Has the FBI told us everything they found on Barrett Brown’s computers? I don’t know, nor are they obligated to do so. Perhaps those computers yielded information relevant to ongoing investigations. Whether or not Brown illegally “provided access” to stolen data from Stratfor, and whether he should be sent to prison for doing so, is for a federal jury to decide — but Barrett Brown and his lawyers evidently don’t want to take their case to a jury.
His lawyers have twice postponed Brown’s trial, while self-evidently attempting to use media accounts to pressure prosecutors either to drop the charges or to offer a more lenient plea bargain. And the journalists who are assisting them in this propaganda campaign are, from my perspective, unindicted co-conspirators in Barrett Brown’s scheme to elude justice for his criminal activities.
Glory days: Barrett Brown interviewed by Michael Isikoff, 2011
“A self-described anarchist, [Barrett] Brown claims he’s policing wrongdoing, at least as Anonymous describes it. . . .
“[Brown said:] ‘When we break laws, we do so in service of civil disobedience.’”
– NBC Nightly News, March 8, 2011
Once again, I ask any sane law-abiding person to examine the three YouTube video rants that led to Barrett Brown’s September 2012 arrest:
- Meltdown Video 1 – 15:03 (transcript)
- Meltdown Video 2 – 15:03 (transcript)
- Meltdown Video 3 — 13:30 (transcript)
If you examine that and dismiss it as the demented ravings of a lunatic, OK, but a judge ruled that Barrett Brown is at least sane enough to stand trial, and Brown’s lawyers have not yet suggested they are contemplating an insanity defense. But the fact that Barrett Brown was ranting like a madman does not mean that we cannot discern a worldview in his incoherent obscene gibberish:
The other part of what’s absurd about this is it’s fucking insane, and because of it, and because of what I found out about how this came about, how this came to be that my fucking mom is now being threatened by a fucking US D.A. and a fucking chickenshit little faggot cocksucker, ah, little FBI agent, little Robert Smith that we’re investigating now. Uh, I’ve, you know, got to find out, thanks to a hack — thanks to another fuckin’ stroke of luck, thank god — that HBGary since mid-Febuary had hired an FBI informant who was already an FBI informant, already had been bitching to the FBI about this other nonsense about Gregg Housh for fuckin’ years. A paid IB, uh, FBI informant, who the FBI pur–purchased supplies for or paid, you know, gave some money to buy supplies cause she was so helpful to them in making shit up and thinking up reasons to raid Barrett Brown and get his information that they wanted for other reasons. Uh, that she was in the employ of fucking HBGary, and working straight with Greg Hoglund, the fucking CEO who’s already been caught, already been caught last year, by my fucking friends, some of whom are, you know, friends and, and acquaintances. [laughs] Really… Well-wishers, they sort of, contemporary, by my contemporaries who I don’t really like that much. Uh, when they hacked into their server, already fucking caught the fucking guys in another fucking conspiracy, including one that involves setting up on fraud charges fucking activists, who had done nothing to anyone except criticize the Chamber of Commerce.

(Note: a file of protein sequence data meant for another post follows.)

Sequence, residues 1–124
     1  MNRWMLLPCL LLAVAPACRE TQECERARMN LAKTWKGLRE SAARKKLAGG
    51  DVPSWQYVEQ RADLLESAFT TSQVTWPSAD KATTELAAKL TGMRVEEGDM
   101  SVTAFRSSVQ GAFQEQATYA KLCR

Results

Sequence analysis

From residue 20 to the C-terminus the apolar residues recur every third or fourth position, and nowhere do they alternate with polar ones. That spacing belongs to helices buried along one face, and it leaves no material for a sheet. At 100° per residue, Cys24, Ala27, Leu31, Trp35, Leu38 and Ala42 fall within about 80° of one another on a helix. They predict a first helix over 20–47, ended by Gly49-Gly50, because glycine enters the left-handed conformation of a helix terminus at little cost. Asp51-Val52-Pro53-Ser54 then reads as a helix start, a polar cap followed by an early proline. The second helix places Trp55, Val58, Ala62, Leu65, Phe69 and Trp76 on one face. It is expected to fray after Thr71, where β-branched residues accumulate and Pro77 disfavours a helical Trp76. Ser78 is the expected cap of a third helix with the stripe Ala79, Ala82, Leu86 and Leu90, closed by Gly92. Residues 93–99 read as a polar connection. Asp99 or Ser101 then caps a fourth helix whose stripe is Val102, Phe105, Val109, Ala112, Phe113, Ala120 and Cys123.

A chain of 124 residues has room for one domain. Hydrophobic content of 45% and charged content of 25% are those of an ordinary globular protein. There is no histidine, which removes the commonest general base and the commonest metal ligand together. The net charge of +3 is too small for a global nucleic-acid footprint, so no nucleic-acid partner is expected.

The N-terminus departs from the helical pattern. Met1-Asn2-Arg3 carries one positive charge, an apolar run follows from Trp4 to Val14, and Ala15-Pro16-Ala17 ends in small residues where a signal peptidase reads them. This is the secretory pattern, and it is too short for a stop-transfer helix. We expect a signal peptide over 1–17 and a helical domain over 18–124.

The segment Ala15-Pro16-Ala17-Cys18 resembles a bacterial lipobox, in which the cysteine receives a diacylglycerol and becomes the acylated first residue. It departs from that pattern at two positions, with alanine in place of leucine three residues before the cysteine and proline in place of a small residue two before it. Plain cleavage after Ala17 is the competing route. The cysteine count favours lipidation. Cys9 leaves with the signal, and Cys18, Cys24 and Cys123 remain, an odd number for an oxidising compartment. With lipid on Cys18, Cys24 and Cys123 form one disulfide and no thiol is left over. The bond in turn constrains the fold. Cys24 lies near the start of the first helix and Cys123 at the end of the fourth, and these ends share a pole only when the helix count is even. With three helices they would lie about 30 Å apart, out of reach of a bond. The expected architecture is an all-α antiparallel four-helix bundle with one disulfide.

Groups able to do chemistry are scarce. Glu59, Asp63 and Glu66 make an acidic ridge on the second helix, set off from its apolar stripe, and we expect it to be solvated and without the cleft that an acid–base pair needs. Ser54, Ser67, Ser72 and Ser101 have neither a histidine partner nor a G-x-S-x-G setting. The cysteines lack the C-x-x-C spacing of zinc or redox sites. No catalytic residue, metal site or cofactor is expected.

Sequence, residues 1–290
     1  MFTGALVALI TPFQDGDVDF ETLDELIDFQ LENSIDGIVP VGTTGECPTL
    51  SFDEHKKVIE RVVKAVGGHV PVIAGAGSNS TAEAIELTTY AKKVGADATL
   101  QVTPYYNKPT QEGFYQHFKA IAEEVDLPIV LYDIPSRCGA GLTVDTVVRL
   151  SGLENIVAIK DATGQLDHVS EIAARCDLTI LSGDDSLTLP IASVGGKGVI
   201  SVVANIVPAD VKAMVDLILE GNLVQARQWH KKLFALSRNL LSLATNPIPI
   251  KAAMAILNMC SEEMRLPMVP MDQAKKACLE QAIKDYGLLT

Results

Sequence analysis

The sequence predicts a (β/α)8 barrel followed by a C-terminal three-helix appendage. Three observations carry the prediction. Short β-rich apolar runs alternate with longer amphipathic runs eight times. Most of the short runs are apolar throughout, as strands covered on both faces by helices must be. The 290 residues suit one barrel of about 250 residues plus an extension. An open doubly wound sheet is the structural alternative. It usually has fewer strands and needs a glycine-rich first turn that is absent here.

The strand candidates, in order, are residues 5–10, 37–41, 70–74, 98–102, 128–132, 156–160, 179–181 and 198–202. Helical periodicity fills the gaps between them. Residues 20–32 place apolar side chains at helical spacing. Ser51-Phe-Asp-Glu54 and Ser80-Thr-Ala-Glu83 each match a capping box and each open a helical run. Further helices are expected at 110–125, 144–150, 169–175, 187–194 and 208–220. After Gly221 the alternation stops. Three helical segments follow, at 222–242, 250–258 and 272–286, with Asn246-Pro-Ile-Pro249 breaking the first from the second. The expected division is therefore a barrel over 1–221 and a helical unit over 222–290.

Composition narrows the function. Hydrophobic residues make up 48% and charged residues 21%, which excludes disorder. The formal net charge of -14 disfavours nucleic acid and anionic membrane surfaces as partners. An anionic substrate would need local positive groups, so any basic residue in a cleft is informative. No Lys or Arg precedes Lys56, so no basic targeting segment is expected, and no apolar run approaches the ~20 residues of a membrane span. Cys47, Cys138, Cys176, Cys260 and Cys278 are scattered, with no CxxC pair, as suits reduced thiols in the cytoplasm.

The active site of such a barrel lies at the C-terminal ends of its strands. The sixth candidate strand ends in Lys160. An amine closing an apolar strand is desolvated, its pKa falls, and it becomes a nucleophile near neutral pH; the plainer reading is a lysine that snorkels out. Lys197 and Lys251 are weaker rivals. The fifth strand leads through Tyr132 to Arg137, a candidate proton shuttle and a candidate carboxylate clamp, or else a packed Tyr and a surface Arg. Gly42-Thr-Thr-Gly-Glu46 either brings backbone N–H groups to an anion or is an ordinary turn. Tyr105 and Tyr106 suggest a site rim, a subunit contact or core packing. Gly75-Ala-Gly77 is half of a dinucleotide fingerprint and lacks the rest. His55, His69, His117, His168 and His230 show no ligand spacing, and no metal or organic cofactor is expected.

It was a “conspiracy,” you see. In this conspiracy, according to Barrett Brown, the FBI was in league with HBGary and an FBI informant was “making up shit” to justify the FBI’s raid of Barrett Brown.
Hackers are good people, says Barrett Brown.
FBI informants are bad people, says Barrett Brown.
So when hackers illegally obtain information by hacking HBGary’s accounts, and an FBI informant assists federal agents investigating that crime, such assistance is wrong, says Barrett Brown.
Barrett Brown’s anti-social attitude — the typical outlaw mentality of the criminal who rationalizes his wrongdoing by asserting that the laws are unjust and that therefore law enforcement is engaged in victimizing the innocent — is not in itself a crime. But it may be a motive for crime, and once you understand Barrett Brown’s criminal worldview, you understand why he was ranting as if he were a victim:
I know what’s legal, because I know what’s been done to me and if it’s legal when it’s done to me it’s going to be legal when it’s done to fuckin’ FBI Agent Robert Smith, who is a criminal, who is involved in a criminal conspiracy that has thank god been revealed, part of which was evident, uh, months and months ago because I told the fucking FBI Agent Daniel Borsuk, who gave me a fake name when his fucking little Jennifer Emick fuckin’ informant, HBGary employees, was bragging about this shit and gave me the number, I guess he wanted to talk to me and see what I’d say.
Get it? The crime against HBGary was not a crime, in Barrett Brown’s mind. Therefore the investigation of that crime was an injustice, anyone who assisted either HBGary or the FBI in that investigation was “a criminal . . . involved in a criminal conspiracy” and, in his depraved mind, Barrett Brown had appointed himself the judge, jury and executioner who was going to bring these criminals to justice.
Quod erat demonstrandum.
This sociopathic inversion of reality, where criminals are heroes and agents of law enforcement are villains, is the outlaw mob mentality by which Anonymous hackers justified their illegal activities.
The fact that several of those hackers are now in federal prison apparently has not sufficed to convince some people that this criminal worldview is dangerous. David Carr of the New York Times should be ashamed of himself for endorsing it.
UPDATE: “Barrett Brown, Special Snowflake.”
- Aug. 19: Barrett Brown Inspires a Bizarre Campaign for Douchebag Rights
- Aug. 18: Barrett Brown’s Overblown Ego
- July 28: Barrett Brown: Madness Foreshadowed
- July 13: Maniac Rights? ‘Democracy Now’ Whitewashes Barrett Brown’s Crimes